The Organisation for Economic Cooperation and Development is next year planning to release a tax-reporting framework for crypto-assets based on the common reporting standard (CRS).
The common reporting standard is the global standard for the automatic exchange of tax information related to financial assets and income.
The OECD aims to ensure tax transparency with respect to crypto assets and the income derived from the sale of these types of assets.
We will continue our cooperation for a globally fair, sustainable, and modern international tax system
In a report published earlier this week, the OECD said it was "advancing its work to design a tax reporting framework that will ensure tax transparency with respect to crypto-assets, including the income derived from the sale of such assets."
The new framework could be implemented by countries across the G20 in strengthening existing laws around disclosures for digital asset transactions, building on efforts dating back to 2018 around building a new model for digital currency taxation.
The way crypto assets are defined vary greatly by jurisdiction. Cryptocurrency is most commonly defined as a "financial instrument or asset", followed by a "commodity or virtual commodity." In the US, the asset class remains mostly undefined for tax purposes.
The report analyses existing approaches and key policy gaps in 50 jurisdictions, by looking at the definitions, legality and valuation of virtual currencies. It analyses the tax consequences across the different stages of the crypto lifecycle from creation to disposal.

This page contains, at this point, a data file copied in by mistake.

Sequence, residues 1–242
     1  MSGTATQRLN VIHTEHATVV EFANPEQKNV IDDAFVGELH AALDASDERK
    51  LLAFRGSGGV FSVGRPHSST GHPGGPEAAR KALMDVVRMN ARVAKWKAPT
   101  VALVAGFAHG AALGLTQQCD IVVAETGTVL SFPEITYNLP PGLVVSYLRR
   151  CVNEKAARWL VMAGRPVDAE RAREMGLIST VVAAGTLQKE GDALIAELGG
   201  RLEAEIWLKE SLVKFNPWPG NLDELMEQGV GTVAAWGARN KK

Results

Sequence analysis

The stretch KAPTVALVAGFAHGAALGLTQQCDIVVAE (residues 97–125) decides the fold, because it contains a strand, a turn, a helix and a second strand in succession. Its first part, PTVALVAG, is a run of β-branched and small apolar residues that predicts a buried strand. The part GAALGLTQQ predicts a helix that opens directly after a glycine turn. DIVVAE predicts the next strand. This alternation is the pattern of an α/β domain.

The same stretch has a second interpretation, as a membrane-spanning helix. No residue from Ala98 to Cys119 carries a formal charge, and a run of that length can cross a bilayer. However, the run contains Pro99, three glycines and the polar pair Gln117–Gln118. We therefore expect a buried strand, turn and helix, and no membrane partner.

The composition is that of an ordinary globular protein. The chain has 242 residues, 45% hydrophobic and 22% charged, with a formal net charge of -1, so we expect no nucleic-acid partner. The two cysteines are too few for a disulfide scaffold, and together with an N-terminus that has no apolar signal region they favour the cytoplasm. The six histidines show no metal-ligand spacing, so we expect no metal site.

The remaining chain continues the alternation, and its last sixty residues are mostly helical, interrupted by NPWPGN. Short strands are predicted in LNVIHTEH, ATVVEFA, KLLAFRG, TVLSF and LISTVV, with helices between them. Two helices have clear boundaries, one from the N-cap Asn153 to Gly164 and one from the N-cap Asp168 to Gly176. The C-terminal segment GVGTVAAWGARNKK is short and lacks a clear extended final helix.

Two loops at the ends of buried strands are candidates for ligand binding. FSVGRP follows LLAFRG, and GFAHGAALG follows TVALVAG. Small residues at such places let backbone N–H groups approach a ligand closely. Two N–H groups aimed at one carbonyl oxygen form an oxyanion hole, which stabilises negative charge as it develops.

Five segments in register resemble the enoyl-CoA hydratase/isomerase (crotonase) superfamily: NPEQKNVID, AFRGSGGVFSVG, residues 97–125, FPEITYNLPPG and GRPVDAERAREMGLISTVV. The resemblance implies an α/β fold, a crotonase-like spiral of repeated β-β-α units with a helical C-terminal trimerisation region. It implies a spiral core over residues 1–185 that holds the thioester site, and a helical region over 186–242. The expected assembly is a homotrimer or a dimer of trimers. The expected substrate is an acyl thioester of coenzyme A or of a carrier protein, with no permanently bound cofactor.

The report also describes the tax treatment of virtual currencies - from the perspective of income, consumption and property taxation - highlighting key taxable events and the different approaches of countries to taxation.
A statement from the G20 Finance Ministers & Central Bank Governors Meeting back in July said the covid-19 pandemic had accelerated the importance of more effective taxation for digital currency and digital assets.
"We will continue our cooperation for a globally fair, sustainable, and modern international tax system. We acknowledge that the covid-19 pandemic has impacted the work of addressing the tax challenges arising from the digitalization of the economy. We stress the importance of the G20/OECD Inclusive Framework on Base Erosion and Profit Shifting (BEPS) to continue advancing the work on a global and consensus-based solution with a report on the blueprints for each pillar to be submitted to our next meeting in October 2020."
"We remain committed to further progress on both pillars to overcome remaining differences and reaffirm our commitment to reach a global and consensus based solution this year."
The "comprehensive implementation package" is expected to be presented to the G20 in 2021.